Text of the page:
It really is relative to what you mean workflow.
Hypermedia as the engine of application state will give you a directed graph of states/resources. It is not necessary that these graphs form a workflow (e.g have a specific start and end point). They may well form a cycle, have bidirectional links and whatnot. I assume this graph is somehow derrived from the business logic.
If you include your workflow (a specific path from one point to another via the graph) in you UI, you make some assumptions about the REST API therefore tightly coupling your UI with the business logic, therefore throwing the discoverability of REST away.
In general mixing workflows (imperative programming) with REST (declarative programming) is very problematic. The best approach would be to have an adaptive UI that can allow the user to navigate the network of states instead of constraining them through bespoke, predetermined workflows. That is how a browser works, anyways.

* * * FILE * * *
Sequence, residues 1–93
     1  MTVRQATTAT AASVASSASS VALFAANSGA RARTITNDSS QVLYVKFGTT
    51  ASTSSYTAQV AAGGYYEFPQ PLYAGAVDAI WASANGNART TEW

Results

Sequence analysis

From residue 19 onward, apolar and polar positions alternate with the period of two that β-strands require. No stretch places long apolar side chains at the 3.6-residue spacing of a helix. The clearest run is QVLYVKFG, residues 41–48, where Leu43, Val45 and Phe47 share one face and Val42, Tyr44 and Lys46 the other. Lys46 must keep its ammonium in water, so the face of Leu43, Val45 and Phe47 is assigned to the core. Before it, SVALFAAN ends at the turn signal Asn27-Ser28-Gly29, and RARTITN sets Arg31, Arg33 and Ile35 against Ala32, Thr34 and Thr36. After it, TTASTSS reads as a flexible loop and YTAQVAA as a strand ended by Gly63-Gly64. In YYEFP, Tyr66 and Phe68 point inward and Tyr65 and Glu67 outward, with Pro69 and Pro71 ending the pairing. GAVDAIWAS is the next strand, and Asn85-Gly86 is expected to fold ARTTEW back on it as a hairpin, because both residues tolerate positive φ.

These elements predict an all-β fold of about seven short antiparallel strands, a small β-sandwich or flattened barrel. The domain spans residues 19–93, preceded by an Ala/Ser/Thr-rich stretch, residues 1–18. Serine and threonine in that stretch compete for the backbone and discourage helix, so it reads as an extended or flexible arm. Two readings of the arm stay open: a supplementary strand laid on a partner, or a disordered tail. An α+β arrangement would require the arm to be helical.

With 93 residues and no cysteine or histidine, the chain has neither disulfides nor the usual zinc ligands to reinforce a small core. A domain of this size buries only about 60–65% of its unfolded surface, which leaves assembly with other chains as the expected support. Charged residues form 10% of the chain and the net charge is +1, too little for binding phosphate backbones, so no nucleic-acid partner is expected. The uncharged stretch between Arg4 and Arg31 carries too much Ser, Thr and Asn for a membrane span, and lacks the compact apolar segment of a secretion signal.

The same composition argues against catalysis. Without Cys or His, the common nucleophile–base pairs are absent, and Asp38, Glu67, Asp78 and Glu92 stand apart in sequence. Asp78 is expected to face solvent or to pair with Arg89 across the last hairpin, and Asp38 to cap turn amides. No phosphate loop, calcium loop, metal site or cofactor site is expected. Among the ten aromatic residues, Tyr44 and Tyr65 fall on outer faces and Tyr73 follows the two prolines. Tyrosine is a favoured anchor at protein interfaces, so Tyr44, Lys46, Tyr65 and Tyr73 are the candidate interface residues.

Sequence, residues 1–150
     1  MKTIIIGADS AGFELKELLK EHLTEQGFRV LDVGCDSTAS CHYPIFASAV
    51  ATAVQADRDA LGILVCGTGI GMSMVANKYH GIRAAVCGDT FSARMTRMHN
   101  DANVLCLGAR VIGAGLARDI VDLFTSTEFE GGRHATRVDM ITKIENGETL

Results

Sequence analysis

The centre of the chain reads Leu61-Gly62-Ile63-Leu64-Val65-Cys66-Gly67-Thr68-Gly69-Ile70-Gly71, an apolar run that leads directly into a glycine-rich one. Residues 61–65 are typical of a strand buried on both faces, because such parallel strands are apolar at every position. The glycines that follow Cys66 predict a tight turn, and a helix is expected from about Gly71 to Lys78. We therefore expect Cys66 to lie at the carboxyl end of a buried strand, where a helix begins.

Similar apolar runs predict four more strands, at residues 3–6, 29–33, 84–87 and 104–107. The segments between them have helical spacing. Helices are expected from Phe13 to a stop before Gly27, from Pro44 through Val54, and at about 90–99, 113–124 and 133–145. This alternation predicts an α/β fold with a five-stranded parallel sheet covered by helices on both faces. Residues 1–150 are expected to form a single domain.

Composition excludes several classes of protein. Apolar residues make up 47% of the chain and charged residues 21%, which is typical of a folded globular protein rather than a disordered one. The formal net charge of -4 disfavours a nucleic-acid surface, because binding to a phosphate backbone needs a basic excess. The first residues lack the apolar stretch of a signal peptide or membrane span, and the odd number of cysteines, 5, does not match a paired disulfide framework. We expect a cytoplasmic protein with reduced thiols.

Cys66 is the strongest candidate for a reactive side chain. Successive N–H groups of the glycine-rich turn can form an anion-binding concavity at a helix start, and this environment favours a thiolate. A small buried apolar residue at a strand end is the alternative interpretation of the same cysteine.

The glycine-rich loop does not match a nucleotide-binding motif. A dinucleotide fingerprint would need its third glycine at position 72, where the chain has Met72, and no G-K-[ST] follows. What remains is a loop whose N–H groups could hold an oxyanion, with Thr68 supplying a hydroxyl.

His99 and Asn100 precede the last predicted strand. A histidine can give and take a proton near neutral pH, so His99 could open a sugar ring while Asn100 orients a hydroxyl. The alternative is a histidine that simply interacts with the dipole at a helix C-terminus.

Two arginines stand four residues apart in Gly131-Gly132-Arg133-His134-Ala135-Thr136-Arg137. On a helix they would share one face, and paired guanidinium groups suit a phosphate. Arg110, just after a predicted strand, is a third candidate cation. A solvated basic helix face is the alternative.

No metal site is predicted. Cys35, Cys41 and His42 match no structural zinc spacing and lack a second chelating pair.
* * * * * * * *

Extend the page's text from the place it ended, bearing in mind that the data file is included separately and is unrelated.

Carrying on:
If you really need to have some workflows though, you could implement them by creating a chain of interconnected resources and guiding the user to the first one. In this sense, your first option would be valid although I find the seperation of business logic and workflow to be a grey area. Workflows are part of the business logic or, to state it better, are derrived from the business logic.
These opinions are my own, however a good, relevant article on the topic can be found here: http://www.infoq.com/articles/webber-rest-workflow